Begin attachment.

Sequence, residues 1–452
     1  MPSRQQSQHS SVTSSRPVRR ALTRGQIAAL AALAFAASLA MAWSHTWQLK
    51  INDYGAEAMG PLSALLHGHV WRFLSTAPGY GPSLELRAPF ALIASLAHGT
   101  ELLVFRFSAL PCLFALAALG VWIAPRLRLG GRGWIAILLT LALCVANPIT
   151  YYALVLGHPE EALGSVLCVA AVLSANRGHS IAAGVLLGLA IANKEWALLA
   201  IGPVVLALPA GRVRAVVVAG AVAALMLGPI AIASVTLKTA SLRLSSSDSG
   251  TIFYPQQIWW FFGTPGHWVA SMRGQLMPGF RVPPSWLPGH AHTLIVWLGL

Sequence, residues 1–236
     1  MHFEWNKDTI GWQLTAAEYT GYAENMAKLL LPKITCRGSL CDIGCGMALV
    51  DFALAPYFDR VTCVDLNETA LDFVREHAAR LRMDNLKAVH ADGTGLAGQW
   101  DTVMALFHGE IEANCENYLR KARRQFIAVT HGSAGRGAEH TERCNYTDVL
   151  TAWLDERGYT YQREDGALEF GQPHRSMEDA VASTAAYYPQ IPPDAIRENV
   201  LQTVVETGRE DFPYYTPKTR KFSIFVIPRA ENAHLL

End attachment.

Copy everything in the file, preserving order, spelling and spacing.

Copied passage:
Sequence, residues 1–452
     1  MPSRQQSQHS SVTSSRPVRR ALTRGQIAAL AALAFAASLA MAWSHTWQLK
    51  INDYGAEAMG PLSALLHGHV WRFLSTAPGY GPSLELRAPF ALIASLAHGT
   101  ELLVFRFSAL PCLFALAALG VWIAPRLRLG GRGWIAILLT LALCVANPIT
   151  YYALVLGHPE EALGSVLCVA AVLSANRGHS IAAGVLLGLA IANKEWALLA
   201  IGPVVLALPA GRVRAVVVAG AVAALMLGPI AIASVTLKTA SLRLSSSDSG
   251  TIFYPQQIWW FFGTPGHWVA SMRGQLMPGF RVPPSWLPGH AHTLIVWLGL

Sequence, residues 1–236
     1  MHFEWNKDTI GWQLTAAEYT GYAENMAKLL LPKITCRGSL CDIGCGMALV
    51  DFALAPYFDR VTCVDLNETA LDFVREHAAR LRMDNLKAVH ADGTGLAGQW
   101  DTVMALFHGE IEANCENYLR KARRQFIAVT HGSAGRGAEH TERCNYTDVL
   151  TAWLDERGYT YQREDGALEF GQPHRSMEDA VASTAAYYPQ IPPDAIRENV
   201  LQTVVETGRE DFPYYTPKTR KFSIFVIPRA ENAHLL